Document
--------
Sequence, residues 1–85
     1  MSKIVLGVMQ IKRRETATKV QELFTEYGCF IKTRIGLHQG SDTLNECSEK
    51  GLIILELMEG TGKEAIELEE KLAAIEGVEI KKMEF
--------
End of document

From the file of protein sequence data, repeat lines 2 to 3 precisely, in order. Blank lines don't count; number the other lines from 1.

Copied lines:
     1  MSKIVLGVMQ IKRRETATKV QELFTEYGCF IKTRIGLHQG SDTLNECSEK
    51  GLIILELMEG TGKEAIELEE KLAAIEGVEI KKMEF